Forests cover approximately 30% of the Earth’s land area, host 80% of its biodiversity; support the livelihoods of around a quarter of the world’s population. At the EU level, forests cover approximately 42% of the land area. In addition to providing economic and job opportunities to local communities, forests are an irreplaceable biodiversity reservoirs and carbon sinks; they prevent soil erosion; they provide clean water through filtration; they clean the air; they play a central role in risk reduction measures vis-à-vis natural disasters, such as floods, droughts, heatwaves, erosion or landslides; and they support leisure and recreation, essential for human health.
The world’s forests are in serious danger from deforestation and forest degradation, with a forest area of 1.3 million square kilometres lost between 1990 and 2016. Pressures on EU forest ecosystems due to climate change and unsustainable forest management are a reason for concern and are expected to increase in the future, due to increasing demand of timber coming from the bioenergy the bioeconomy sectors, in a context where illegal logging continues to be recorded in a number of Countries. Overall, protecting forests means protecting biodiversity and working for a climate neutral and climate resilient land.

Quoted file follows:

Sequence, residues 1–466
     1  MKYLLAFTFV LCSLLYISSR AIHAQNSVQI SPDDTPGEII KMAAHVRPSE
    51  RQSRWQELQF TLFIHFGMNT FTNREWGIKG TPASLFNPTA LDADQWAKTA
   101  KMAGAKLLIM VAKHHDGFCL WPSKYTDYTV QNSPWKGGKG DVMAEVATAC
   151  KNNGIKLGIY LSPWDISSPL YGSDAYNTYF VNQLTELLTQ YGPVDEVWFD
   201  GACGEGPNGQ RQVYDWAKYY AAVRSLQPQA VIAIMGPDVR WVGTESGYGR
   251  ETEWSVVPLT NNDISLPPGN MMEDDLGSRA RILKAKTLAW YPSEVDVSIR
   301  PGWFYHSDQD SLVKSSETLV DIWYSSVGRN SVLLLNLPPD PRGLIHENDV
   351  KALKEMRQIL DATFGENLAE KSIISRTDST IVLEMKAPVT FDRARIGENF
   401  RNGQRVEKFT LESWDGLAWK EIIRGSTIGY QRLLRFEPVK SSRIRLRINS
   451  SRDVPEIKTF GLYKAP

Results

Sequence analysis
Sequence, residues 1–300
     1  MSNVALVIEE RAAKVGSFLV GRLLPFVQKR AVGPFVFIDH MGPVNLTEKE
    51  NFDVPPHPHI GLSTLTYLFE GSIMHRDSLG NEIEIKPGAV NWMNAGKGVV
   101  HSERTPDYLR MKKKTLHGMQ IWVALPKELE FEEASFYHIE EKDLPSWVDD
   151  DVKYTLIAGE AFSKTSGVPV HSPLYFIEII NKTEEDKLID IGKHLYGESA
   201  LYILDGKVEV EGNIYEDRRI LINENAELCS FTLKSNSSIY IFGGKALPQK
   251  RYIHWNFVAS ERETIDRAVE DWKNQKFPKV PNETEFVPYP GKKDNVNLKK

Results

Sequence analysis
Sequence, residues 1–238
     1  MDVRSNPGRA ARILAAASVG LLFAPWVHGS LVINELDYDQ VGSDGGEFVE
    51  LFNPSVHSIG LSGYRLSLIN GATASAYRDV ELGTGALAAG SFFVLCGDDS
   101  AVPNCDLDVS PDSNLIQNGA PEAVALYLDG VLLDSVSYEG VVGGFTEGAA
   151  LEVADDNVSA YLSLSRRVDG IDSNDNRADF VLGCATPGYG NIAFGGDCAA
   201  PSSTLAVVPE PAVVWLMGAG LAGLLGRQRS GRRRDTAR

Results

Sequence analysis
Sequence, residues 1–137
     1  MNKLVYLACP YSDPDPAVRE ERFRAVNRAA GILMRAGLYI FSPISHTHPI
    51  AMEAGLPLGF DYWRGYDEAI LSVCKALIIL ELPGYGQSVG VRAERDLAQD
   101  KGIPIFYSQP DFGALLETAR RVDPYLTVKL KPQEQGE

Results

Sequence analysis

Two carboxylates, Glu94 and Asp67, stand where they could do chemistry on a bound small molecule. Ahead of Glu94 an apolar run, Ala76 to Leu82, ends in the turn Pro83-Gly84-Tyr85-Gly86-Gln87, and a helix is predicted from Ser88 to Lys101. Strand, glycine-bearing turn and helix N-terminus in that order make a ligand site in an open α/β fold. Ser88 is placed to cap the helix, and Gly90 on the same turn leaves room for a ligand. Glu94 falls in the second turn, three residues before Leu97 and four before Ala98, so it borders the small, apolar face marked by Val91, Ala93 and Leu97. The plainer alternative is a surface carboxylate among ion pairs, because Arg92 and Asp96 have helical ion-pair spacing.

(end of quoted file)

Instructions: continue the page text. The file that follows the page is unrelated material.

In this context, DG Environment organises an International Conference on Forest for Biodiversity and Climate Change on 4th and 5th February 2020 in Brussels.
Find more information on the conference here.